French painting, stolen from museum during WWI, is returned


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Nearly a century after it was stolen from a French museum during World War I, a painting recovered by U.S. authorities was returned to the French on Thursday.

“Une Fille de Pecheur,” or ‘A Fisherman’s Daughter,’ by Jules Breton was taken from a museum in the northern French city of Douai by German troops in 1918. It was commissioned by the city in 1875.


A French museum curator received word in 2000 that the painting was being put up for auction by an art gallery in Zurich, Switzerland, said a spokeswoman at the French Embassy in Washington. The artwork -- valued at $150,000, according to the U.S. Immigration and Customs Enforcement, which played a key role in the recovery -- then became the subject of legal wrangling.

It turned up in New York, where Daphne Alazraki, owner of Daphne Alazraki Fine Art, was preparing to put it up for auction when she was contacted last year by U.S. authorities. Alazraki, who had purchased a share of the painting from an American dealer, said by phone Thursday that she and an investor co-owner agreed to donate the painting to the French museum.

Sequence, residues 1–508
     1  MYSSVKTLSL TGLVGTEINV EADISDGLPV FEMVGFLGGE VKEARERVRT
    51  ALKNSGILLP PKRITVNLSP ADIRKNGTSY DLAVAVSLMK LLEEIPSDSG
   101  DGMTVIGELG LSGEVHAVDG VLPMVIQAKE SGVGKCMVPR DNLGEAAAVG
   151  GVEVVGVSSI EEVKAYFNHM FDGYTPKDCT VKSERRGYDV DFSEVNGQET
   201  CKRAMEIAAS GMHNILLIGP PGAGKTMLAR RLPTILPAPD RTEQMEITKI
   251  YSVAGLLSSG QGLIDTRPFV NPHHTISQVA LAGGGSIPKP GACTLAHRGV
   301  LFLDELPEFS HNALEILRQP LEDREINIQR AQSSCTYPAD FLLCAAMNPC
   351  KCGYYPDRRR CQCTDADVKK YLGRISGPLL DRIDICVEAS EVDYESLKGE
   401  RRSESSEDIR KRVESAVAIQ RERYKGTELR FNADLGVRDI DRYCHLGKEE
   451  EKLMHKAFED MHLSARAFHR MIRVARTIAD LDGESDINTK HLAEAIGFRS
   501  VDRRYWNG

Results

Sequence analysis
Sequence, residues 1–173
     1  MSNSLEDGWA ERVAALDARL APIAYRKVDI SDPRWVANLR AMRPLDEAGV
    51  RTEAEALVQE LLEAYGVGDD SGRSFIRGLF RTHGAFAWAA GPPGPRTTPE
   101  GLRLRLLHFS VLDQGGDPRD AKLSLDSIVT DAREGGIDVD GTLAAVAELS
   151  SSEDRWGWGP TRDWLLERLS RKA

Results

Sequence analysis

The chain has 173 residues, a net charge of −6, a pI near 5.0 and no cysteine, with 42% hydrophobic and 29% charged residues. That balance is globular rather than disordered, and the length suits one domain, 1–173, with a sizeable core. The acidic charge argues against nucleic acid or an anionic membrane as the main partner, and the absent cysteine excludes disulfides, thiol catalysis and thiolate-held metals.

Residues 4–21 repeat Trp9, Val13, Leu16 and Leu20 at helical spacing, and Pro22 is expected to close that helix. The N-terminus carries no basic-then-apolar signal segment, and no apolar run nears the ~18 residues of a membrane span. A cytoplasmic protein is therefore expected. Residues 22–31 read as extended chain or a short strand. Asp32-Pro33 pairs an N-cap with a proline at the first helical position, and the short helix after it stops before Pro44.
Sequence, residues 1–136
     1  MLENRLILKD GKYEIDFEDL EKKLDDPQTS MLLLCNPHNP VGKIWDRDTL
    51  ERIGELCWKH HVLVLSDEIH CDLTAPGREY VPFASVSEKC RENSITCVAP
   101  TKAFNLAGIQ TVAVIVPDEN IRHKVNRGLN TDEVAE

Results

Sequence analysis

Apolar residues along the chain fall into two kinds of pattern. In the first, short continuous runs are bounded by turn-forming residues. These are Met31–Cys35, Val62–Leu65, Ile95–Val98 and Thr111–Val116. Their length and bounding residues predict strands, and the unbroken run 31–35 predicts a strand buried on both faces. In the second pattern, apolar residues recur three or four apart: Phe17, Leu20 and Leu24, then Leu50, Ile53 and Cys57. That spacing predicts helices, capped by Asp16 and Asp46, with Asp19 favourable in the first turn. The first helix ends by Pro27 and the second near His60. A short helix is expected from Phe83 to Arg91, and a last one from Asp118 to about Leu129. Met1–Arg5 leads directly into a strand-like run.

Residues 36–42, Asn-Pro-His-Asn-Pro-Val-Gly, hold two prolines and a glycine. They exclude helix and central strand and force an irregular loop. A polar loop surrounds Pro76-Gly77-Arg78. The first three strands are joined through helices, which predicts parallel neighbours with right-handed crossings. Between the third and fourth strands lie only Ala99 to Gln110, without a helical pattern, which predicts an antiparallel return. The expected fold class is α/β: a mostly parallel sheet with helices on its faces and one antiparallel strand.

“Works of art play a vital role in the history and cultural fabric of the countries where they were created,’’ said Preet Bharara, the U.S. attorney in Manhattan whose office helped in the recovery. ‘And one of the very few ways that we are able to redress the awful legacy of war is to return stolen art to its rightful owners so it can be shared and enjoyed.’

‘In this case, it took nearly a century, but it is nonetheless extremely gratifying,” he added in a statement.

French Ambassador Francois Delattre, who hosted a ceremony at the French Embassy to receive the painting, said its return is ‘a significant contribution to the celebration of our cultural heritage and a gift to all future visitors who will enjoy the work of art, but it is also yet another symbol of Franco-American cooperation.’

The painting is the latest artwork recovered by U.S. Immigration and Customs Enforcement, which investigates the importation of looted cultural property. Since 2007, U.S. authorities have recovered more than 2,500 items, which were returned to more than 22 countries.



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